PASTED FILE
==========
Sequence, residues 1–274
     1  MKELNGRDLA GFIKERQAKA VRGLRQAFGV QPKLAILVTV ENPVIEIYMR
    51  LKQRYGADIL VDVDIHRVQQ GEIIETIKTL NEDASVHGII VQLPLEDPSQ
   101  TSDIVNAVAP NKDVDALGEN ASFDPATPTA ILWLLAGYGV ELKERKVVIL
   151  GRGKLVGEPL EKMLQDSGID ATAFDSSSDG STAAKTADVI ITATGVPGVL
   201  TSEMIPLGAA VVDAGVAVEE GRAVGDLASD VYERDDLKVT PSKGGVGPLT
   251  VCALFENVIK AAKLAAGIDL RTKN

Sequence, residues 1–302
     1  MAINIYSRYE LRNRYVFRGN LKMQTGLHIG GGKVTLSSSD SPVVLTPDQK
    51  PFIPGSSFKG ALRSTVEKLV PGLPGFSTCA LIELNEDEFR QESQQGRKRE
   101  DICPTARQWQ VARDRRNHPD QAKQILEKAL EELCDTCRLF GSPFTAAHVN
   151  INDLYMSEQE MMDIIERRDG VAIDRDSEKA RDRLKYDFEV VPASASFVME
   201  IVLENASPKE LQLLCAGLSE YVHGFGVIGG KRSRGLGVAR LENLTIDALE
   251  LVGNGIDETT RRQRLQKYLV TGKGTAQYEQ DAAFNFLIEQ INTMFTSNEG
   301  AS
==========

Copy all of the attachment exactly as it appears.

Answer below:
Sequence, residues 1–274
     1  MKELNGRDLA GFIKERQAKA VRGLRQAFGV QPKLAILVTV ENPVIEIYMR
    51  LKQRYGADIL VDVDIHRVQQ GEIIETIKTL NEDASVHGII VQLPLEDPSQ
   101  TSDIVNAVAP NKDVDALGEN ASFDPATPTA ILWLLAGYGV ELKERKVVIL
   151  GRGKLVGEPL EKMLQDSGID ATAFDSSSDG STAAKTADVI ITATGVPGVL
   201  TSEMIPLGAA VVDAGVAVEE GRAVGDLASD VYERDDLKVT PSKGGVGPLT
   251  VCALFENVIK AAKLAAGIDL RTKN

Sequence, residues 1–302
     1  MAINIYSRYE LRNRYVFRGN LKMQTGLHIG GGKVTLSSSD SPVVLTPDQK
    51  PFIPGSSFKG ALRSTVEKLV PGLPGFSTCA LIELNEDEFR QESQQGRKRE
   101  DICPTARQWQ VARDRRNHPD QAKQILEKAL EELCDTCRLF GSPFTAAHVN
   151  INDLYMSEQE MMDIIERRDG VAIDRDSEKA RDRLKYDFEV VPASASFVME
   201  IVLENASPKE LQLLCAGLSE YVHGFGVIGG KRSRGLGVAR LENLTIDALE
   251  LVGNGIDETT RRQRLQKYLV TGKGTAQYEQ DAAFNFLIEQ INTMFTSNEG
   301  AS